Surprisingly, the, inadvertent death or sickening of 6,000 sheep last spring in Skull Valley, less than 60 miles from Salt Lake City, has attracted only casual interest in the medical press. It is particularly astonishing because more than 4,300 of the deaths were due to an unidentified "nerve gas," presumably an organophosphate. Although a recent issue of Science1 gives detailed coverage of the incident, and although Army and PHS investigations have been completed, the medical world appears to have shown no alarm.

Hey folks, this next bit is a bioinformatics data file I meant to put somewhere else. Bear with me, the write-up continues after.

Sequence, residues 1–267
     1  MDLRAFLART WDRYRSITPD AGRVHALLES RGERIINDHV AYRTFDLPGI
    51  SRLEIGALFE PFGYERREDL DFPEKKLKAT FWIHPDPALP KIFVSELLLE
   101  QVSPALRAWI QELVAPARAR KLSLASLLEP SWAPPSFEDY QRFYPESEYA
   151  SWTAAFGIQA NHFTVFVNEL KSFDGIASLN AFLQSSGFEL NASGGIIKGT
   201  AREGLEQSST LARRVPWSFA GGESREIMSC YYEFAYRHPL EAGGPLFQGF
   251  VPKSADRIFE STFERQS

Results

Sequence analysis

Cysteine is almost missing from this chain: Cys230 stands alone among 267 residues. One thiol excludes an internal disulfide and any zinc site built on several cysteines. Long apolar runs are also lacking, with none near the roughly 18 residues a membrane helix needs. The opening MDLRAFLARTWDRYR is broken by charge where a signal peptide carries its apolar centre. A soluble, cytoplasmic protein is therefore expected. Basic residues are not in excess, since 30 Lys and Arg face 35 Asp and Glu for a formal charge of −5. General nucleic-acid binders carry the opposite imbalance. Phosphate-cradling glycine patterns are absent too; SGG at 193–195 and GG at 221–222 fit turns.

Not specifically named by the Army, much undisputed evidence from investigations identifies the agent obtained from dead animals, from forage, and from snow water as a cholinesterase inhibitor. Levels of cholinesterase in sickened animals were greatly depressed. The Army, as late as December 6, was quoted as denying that the nerve agent (being tested by them near the Dugway Proving Ground) caused the sheep deaths, but the